ATLANTA — The idea couldn’t have gained much traction Wednesday night, once starter Aníbal Sánchez was picking through the Atlanta Braves as if he were facing a Little League team.
“Obviously we’ve talked about that,” Martinez said, and Rizzo mentioned that it is ultimately the manager’s decision. “About getting a guy to maybe pitch two innings and then start our starter.”
It’s only obvious because, to this point of the season, little has worked with the Nationals’ back-of-the-rotation starters and relievers not named Sean Doolittle. The strategy of using an opener, regularly employed last season by the Athletics and Rays, is to begin games with a reliever and plug in a traditional starter after one, two or even three innings if the first pitcher is going well. There are a handful of reasons to do this. It allows a manager to match up with the top of the opposing lineup right away. It makes a starter’s third time through a lineup, in which the statistics are stacked against them, only a second trip through. And, conceivably, it could help shorten the bridge between a starter and a team’s closer in the ninth.
But there are also a lot of reasons it would be hard for these Nationals to execute. The Rays, Athletics and Brewers are the three teams that leaned on using an opener for parts of last season. What do they all have in common? Very good relievers. What does Washington currently have? A historically bad bullpen with a major league-worst 7.14 ERA (the next highest is 5.94).
So if the Nationals were to go with an opener — which one person with knowledge of their thinking characterized as “unlikely” Wednesday — it would seem only to shift their ongoing problems to another part of the game. Maybe it could help Sánchez, Erick Fedde or Jeremy Hellickson when healthy, to get favorable matchups and push deeper into games. Or maybe the Nationals need to solidify a few reliable middle relievers before they get creative.
“Our starters go deep in games and they are doing really well, so it’s hard to take him out of what they’re used to doing and tell them that they are going to pitch in the third inning or second inning,” Martinez said. “So for right now, I like where our starters are at. We just got to continue to focus and figure out who is going to pitch the seventh, who is going to pitch the eighth, and we just got to get the ball to Doolittle.”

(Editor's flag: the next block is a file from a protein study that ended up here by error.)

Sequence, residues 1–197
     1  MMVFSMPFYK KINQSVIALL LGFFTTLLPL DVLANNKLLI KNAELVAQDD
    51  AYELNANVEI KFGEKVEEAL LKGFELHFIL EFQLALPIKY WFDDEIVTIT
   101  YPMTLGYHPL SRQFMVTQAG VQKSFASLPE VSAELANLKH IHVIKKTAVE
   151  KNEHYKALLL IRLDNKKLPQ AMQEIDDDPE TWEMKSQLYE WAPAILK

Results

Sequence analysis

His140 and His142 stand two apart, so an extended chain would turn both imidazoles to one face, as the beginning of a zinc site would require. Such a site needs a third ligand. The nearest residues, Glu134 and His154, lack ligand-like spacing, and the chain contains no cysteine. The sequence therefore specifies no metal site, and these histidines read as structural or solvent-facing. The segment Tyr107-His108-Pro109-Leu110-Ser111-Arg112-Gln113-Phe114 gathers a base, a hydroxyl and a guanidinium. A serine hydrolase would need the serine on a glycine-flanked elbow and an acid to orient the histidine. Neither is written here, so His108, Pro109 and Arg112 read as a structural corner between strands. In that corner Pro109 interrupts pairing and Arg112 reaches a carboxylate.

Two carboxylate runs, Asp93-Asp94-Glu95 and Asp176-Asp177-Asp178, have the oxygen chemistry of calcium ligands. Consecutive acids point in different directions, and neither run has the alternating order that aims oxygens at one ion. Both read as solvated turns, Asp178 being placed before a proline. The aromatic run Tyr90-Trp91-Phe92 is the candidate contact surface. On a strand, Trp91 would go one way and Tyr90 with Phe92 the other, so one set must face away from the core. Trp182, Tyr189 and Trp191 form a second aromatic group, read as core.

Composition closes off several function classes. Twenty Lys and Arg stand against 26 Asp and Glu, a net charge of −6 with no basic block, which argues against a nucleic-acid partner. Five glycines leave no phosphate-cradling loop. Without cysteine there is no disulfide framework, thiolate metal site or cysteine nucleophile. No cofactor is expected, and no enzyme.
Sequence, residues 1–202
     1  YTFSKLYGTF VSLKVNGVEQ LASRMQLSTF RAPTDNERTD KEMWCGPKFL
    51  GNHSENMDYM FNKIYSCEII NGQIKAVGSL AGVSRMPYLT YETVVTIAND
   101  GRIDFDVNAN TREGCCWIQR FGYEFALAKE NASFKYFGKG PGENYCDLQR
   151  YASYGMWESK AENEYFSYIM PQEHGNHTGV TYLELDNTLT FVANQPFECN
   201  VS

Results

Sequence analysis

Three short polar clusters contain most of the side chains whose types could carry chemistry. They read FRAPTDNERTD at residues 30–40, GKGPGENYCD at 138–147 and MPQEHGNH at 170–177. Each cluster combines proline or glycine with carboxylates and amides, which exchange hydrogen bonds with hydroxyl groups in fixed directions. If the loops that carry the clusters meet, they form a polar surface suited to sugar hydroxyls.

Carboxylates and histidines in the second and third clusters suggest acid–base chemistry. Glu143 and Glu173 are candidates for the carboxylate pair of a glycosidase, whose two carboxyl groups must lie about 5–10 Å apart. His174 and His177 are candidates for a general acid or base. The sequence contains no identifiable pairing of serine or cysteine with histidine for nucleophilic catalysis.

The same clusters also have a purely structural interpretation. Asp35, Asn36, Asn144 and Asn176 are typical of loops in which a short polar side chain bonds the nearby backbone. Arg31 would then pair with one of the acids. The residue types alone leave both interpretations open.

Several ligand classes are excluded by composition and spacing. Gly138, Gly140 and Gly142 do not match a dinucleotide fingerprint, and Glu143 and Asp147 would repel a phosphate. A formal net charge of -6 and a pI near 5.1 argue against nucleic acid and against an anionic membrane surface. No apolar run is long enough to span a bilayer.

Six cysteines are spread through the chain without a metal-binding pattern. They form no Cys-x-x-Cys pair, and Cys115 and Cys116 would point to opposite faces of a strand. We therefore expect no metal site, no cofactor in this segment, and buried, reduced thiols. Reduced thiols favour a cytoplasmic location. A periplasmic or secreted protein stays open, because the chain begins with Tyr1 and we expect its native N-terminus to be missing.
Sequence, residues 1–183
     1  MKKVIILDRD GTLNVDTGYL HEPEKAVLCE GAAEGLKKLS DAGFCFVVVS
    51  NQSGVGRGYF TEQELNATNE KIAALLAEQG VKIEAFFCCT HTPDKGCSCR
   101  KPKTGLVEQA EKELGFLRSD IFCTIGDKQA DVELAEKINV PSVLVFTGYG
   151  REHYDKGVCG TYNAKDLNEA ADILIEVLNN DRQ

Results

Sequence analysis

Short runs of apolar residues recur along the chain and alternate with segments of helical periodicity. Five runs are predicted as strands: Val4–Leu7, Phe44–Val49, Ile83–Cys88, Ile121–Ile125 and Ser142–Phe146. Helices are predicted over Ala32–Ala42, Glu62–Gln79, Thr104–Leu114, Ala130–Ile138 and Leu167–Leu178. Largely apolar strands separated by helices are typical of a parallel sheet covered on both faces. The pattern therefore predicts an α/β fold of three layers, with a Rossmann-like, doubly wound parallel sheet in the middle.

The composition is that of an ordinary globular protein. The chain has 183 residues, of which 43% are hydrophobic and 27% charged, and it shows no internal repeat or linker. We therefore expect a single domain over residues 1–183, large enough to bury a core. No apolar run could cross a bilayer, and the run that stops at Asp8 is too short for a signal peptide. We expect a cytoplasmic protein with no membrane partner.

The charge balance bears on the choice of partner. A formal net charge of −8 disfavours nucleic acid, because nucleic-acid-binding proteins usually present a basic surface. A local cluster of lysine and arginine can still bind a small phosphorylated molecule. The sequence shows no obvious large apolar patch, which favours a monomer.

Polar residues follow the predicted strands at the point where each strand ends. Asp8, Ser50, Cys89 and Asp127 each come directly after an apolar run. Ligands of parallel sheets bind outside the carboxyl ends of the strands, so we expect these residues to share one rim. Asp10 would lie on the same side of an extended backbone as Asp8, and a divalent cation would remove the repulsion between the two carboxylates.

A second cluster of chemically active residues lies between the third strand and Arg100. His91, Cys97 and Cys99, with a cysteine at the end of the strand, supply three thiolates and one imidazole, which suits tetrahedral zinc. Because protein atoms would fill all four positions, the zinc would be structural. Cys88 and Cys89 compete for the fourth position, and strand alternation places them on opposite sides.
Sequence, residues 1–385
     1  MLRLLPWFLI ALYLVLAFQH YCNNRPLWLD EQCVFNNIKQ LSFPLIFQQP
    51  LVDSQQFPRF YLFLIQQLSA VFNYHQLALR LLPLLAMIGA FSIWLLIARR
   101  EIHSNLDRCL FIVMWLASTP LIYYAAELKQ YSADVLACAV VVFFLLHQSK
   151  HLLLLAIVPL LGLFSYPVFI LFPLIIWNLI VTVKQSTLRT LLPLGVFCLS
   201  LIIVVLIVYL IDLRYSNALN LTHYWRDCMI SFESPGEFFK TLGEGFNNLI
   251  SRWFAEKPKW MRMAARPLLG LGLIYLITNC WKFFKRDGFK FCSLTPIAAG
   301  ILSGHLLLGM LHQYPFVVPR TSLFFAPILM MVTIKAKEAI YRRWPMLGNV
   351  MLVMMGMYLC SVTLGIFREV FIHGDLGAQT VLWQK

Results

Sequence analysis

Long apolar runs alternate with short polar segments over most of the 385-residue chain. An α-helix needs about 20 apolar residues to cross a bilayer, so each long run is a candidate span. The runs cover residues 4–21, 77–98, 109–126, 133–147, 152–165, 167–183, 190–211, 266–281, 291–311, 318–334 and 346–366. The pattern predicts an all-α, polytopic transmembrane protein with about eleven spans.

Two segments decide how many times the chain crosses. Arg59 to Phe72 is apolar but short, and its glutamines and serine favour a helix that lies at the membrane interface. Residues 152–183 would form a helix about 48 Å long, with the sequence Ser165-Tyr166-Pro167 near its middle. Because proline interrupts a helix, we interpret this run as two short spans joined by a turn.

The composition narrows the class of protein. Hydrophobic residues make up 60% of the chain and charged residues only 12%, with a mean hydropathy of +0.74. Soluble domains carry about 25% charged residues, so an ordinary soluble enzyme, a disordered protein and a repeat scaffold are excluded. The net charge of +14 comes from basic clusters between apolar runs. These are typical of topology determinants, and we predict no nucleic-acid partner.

It is easier for Rizzo to discuss the possibility of an opener than it is for Martinez to delve too far into it. The concept, however logical in some cases, is viewed as a lack of confidence in certain starting pitchers. And even if there is good reason for that — the Nationals were 6-11 in Sánchez and Hellickson starts before Wednesday’s 14-4 win — Martinez will publicly back them 10 times out of 10.
Rizzo, on the other hand, can speak about strategy in a slightly different way. But even considering that and what he told hosts on 106.7 the Fan on Wednesday, it still felt like him saying the Nationals are exploring any way to succeed. Rizzo spends the offseason noting that the front office kicks the tires on every free agent. Discussing an opener, when prompted, felt similar to that. Washington would not use an opener with Max Scherzer, Stephen Strasburg or Patrick Corbin on the mound. Rizzo said he likes what he has seen from Fedde, who’s filling in for Hellickson while he works back from a right shoulder strain. He made it seem possible that Sánchez could have an opener begin one of his starts because he entered Wednesday with an 0-6 record and 5.10. Then the 35-year-old went out and threw six scoreless on 80 pitches in his return from the injured list.
And, since the Nationals wouldn’t use their high-leverage relievers in that role, the options appear to be left-hander Matt Grace (7.54 ERA) or right-handed journeyman Javy Guerra (7.71). Grace has become Martinez’s most-trusted lefty specialist in recent games. Guerra has hardly pitched since Washington claimed him on outright waivers in mid-May. The other guys in the bullpen are Doolittle, Kyle Barraclough (5.48), Wander Suero (6.85), Tanner Rainey (3.60) and Tony Sipp (6.30), and they either have been stayed away from or called upon in big spots.
The personnel just isn’t there.
“We brainstorm every day,” Martinez said of how many wrinkles the Nationals have considered during a 24-32 start. “I wake up with brain storms.”
It is worth noting that Washington’s top three starters could hypothetically enable the use of an opener. On the radio Wednesday, Rizzo laid out these potential issues with the approach: It asks a lot of the rest of the rotation. Three to four relievers could be used, at a minimum, depending on what the starter gives. And — and this is reading a bit between the lines — it could overtax a bullpen that is having trouble staying fresh without any added responsibilities.
But at the very least, the rest of the rotation has proved to be more than capable of going deep into games and easing the relievers’ workloads. Strasburg has gone six or more in all but one outing this year. Scherzer regularly leads the majors in innings pitched. Corbin has thrown six or more in nine of his 11 starts and is coming off a complete-game shutout. That is why the Nationals’ bullpen has thrown the fewest innings in baseball.
So there is evidence that the Nationals could really consider an opener if Sánchez struggles again or Fedde comes down to earth or they reinsert Hellickson into the rotation and that doesn’t go well. There are just even more reasons to believe that, given this roster, only more problems would come of it.
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